Chemistry Week 2017: Scalable Functional Nanocoatings for Technological and Societal Applications

22 November 2017 18:00-20:00, Durham, United Kingdom


Introduction
Abstract:
The worldwide market for functional surfaces exceeds $100 billion per annum (US Department of Energy).  A key driver is the added value that can be imparted to commercial products through the molecular engineering of their surface properties. For example, the cleanliness of optical lenses, the feel of fabrics, the resistance of biomedical devices to bacteria, the speed of computer hard disks, and even the wear of car brake pads are all governed by their surface properties. The fabrication of such surfaces requires the incorporation of specific functional groups; for which there exists no shortage of potential methods including: self-assembled monolayers (SAMs), Langmuir-Blodgett films, dip-coating, grafting, chemical vapour deposition, to name just a few. However such techniques suffer from drawbacks including substrate-specificity (cannot be easily adapted to different materials or geometries) and environmental concerns associated with the utilization of solvents, strong acid / base media, or heat.  A range of innovative solutions will be described for the molecular tailoring of solid surfaces.  Applications will include: super-repellency, non-fouling, anti-fogging, thermoresponsive, rewritable bioarrays, antibacterial, electrical barrier, water harvesting, capture and release, oil-water separation, and nano-actuation.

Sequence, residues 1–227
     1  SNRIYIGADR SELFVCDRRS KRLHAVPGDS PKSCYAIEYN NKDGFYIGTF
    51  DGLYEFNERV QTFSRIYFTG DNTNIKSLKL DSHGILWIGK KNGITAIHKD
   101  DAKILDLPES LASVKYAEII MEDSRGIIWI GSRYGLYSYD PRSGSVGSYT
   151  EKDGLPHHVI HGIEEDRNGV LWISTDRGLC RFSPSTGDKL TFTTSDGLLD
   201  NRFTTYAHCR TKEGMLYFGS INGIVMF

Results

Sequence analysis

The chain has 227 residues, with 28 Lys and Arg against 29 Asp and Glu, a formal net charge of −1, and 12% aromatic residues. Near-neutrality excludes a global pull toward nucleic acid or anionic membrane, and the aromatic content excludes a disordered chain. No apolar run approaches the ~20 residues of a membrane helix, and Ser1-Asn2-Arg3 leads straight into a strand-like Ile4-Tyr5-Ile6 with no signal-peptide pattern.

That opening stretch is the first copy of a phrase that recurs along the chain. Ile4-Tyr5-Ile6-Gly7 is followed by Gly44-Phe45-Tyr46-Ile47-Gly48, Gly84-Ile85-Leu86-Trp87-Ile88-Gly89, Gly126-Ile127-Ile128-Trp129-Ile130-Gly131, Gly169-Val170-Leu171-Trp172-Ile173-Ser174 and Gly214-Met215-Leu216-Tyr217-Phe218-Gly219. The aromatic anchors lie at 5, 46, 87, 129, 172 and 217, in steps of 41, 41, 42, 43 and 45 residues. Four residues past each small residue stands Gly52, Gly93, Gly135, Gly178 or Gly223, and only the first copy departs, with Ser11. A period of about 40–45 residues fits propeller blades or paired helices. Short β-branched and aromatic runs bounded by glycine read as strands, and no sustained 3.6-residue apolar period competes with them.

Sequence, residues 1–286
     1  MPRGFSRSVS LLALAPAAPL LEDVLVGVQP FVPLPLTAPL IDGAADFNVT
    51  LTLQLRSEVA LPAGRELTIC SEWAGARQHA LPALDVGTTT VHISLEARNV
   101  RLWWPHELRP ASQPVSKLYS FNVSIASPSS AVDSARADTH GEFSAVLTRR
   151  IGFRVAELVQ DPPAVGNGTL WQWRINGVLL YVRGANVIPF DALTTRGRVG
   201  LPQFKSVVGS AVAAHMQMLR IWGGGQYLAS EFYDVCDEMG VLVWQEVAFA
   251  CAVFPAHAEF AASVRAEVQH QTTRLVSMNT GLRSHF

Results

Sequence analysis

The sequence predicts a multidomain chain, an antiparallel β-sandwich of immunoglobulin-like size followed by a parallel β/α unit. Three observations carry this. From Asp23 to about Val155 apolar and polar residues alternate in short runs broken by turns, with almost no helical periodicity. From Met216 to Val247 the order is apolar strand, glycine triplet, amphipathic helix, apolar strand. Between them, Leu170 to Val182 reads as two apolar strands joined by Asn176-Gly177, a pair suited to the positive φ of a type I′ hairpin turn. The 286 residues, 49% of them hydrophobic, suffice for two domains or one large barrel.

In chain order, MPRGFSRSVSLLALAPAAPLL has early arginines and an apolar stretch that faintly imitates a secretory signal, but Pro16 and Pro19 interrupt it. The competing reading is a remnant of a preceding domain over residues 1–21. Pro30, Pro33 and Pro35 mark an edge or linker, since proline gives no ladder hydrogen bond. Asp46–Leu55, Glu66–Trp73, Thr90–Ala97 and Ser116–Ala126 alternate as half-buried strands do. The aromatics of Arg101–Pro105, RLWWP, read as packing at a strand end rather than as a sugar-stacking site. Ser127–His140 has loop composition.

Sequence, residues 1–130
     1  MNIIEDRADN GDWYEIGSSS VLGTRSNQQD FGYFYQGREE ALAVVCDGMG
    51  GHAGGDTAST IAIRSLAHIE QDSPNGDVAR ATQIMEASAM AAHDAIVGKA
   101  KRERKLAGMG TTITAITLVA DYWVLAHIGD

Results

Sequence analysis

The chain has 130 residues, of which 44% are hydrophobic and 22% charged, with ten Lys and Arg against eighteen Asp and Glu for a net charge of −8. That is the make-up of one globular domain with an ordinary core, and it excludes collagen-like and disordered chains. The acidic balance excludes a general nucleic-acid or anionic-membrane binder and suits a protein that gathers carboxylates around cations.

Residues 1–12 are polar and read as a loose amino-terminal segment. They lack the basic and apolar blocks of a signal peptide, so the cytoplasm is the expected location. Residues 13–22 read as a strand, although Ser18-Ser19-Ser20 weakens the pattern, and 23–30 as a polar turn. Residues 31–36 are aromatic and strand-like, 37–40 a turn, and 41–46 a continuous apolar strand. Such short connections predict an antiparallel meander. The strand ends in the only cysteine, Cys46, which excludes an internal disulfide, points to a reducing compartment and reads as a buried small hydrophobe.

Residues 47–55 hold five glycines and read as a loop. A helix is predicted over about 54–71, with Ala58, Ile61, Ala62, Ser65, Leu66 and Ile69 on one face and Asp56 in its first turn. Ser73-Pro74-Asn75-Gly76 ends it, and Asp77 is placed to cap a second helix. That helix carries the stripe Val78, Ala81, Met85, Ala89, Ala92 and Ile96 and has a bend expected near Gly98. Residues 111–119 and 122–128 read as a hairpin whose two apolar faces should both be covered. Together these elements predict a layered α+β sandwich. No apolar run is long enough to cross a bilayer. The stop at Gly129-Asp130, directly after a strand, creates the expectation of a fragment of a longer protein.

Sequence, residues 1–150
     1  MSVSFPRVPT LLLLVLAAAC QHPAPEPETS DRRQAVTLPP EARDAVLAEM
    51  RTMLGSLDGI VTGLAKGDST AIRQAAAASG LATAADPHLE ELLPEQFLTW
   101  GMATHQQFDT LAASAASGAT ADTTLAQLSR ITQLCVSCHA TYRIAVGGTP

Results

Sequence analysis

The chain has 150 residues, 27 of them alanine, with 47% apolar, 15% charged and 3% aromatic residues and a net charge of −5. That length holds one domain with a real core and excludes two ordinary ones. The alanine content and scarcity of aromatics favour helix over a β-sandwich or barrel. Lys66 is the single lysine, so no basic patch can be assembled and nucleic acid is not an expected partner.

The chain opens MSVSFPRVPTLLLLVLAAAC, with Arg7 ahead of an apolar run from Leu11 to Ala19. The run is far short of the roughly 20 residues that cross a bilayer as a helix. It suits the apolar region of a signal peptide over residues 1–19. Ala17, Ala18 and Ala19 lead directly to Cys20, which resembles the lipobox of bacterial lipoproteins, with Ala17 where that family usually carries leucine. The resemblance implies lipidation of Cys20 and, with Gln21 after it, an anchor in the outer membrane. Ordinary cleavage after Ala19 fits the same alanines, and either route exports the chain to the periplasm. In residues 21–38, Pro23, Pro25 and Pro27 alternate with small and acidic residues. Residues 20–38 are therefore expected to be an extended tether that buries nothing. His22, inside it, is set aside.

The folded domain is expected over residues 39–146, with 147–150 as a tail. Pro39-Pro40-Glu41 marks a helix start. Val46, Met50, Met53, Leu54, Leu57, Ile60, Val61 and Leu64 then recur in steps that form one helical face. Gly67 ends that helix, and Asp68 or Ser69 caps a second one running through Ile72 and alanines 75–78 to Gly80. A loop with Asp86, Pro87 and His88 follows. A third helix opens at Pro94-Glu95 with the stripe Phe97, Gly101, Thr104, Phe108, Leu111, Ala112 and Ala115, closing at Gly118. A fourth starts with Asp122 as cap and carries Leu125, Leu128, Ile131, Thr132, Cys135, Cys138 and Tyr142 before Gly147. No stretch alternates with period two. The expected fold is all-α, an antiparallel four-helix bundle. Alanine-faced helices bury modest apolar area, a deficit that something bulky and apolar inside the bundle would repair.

Speakers
Venue
University of Durham

CG60, University of Durham, Department of Chemistry, University of Durham, Lower Mountjoy, South Road, Durham, DH1 3LE, United Kingdom

Contact information
Teesside Local Section
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